Price - $12700
Former Texas training partner and now Texas race host Tim "Buckwheat" Carroll was the first to lead me to this bike. Apparently illegal in road racing (UCI) but still is USAT legal. Basically, they ignored UCI rules and designed the Shiv exclusively for triathlon: with unmatched aerodynamics, the Fuelselage integr...ated hydration system, and a huge range of fit adjustability. The S-Works FACT IS 11r carbon frame, Zipp 404 wheels, and Dura-Ace Di2 drivetrain make the S-Works an ultralight, crazy fast package.
This is the bike Craig Alexander rode for Ironman Kona 2011:
Here's what Alexander said about it afterwards..."It's a total rocketship that should be illegal."
Looks great, doesn't it? But I have concerns. First, the 22-24 ounce internal bladder. Most of us will not use straight water but some sort of electrolyte/protein replenishment so what happens when the bladder needs to be cleaned? Apparently, the bladder can be removed for cleaning but who wants to do that all the time?
Besides, I am a tri-geek who races sprint distance 90% of the time with the occassional Oly. I really have no need for an internal bladder to save me 0.025 seconds over 10 miles. A single water bottle will serve me just fine.
But the most important reason I would pass on the Shiv is USAT itself. A few years ago I purchased a De Soto Water Rover wetsuit. This suit has a distinct advantage by placing panels of 2mm, 5mm, 8mm, and 10mm thickness in specific locations to maximize speed and flexibility. When I bought it, it was legal. As of September 1, 2010, the Water Rover was banned in WTC Races. USAT was next. According to USAT regulations, there is no limitation as to the thickness of wetsuit rubber, and there will be no limitation until Jan, 2013. This means if you buy a Water Rover now, you can race in this almost unfair and perfectly legal advantage for the entire 2011 and 2012 triathlon seasons. After that, it becomes a nice training suit or for us in non-USAT races.
What is to prohibit USAT making the same determination with the Shiv and determining this bike to be illegal and one is stuck with a nice $12K training bike? I'm not going to take that chance.
Price - One bike dealer listed for $7400 but unsure of the wheel set.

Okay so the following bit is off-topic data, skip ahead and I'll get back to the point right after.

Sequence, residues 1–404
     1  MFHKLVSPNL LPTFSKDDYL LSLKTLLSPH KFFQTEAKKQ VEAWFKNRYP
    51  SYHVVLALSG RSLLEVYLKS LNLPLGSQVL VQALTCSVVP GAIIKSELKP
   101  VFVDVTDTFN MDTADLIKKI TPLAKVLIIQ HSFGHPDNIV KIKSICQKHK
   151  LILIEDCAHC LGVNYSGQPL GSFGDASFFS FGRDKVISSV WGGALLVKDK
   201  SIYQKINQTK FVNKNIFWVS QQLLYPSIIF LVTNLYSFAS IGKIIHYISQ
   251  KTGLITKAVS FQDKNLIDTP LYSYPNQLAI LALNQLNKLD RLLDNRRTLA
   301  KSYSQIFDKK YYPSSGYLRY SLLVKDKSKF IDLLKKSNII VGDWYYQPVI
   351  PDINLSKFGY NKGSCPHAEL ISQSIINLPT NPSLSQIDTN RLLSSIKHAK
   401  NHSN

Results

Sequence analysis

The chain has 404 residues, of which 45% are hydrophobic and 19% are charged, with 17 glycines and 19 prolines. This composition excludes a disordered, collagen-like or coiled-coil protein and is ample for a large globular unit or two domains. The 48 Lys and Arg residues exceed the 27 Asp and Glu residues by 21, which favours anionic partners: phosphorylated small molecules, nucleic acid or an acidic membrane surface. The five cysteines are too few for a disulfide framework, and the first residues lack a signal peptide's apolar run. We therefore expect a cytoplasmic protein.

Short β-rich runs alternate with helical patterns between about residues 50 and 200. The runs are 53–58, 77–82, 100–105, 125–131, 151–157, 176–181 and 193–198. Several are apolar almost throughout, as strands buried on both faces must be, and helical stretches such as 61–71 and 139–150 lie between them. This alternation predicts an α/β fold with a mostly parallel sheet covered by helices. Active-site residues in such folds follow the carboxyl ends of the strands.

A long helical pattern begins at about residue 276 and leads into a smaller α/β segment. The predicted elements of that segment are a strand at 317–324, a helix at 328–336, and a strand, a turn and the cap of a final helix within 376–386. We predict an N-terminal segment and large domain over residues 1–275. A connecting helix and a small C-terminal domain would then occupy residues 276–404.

Reader Miguel Vieira lead me to this previusly unknown bike. I've not seen one locally but it sure is pretty, isn't it?
Out of the box, the E-118 is equally compatible with Di2 or mechanical components. Regardless of the group you choose, all cables and wiring are internally routed for enhanced aerodynamics.
Built in a new mold and certified UCI-legal, this triathlon frameset expands and refines the concepts first embodied in the spectacular E-114 that helped establish the company’s stellar reputation in this field. This new frameset was developed in close collaboration with triathlon champion Tim O’Donnell and the Team SpiderTech riders, including Svein Tuft and Hugo Houle, Canadian Pro and U-23 time-trial champions, respectively.
In the world of time trial events, much emphasis is placed on the aerodynamic properties of bikes. While this is an important factor, in reality the cyclist generates up to 70% of the aerodynamic drag. This fact is at the core of Argon 18’s design philosophy. Our approach is that the rider and bike must form an integrated unit in order to optimize efficiency and achieve the best results. CFD analysis clearly demonstrates that once the rider is not in proper position, drag increases dramatically. Optimal positioning through AFS gives the rider the ability to remain on the armrests in the proper aero tuck position longer.
AFS geometry built into the E-118 guarantees tremendously accurate steering and extremely stable handling. This allows the rider to remain on the armrests in circumstances where it has not always been possible. For example, riders can remain in the perfect aero tuck position on the armrests during descents, on uneven roads, while hydrating and even when reaching into jersey pockets for nutrition
The AFS approach ensures the rider can maintain a proper aero position longer through an easy, accurate fit therefore ensuring aerodynamic efficiency and the ultimate in performance.
Trek Project One Custom Speed Concept 9.9 Series Podium
Price as shown (with Aeolus 9.0 Clinchers): $10,184.97. With Dura Ace Di2 -$12468.72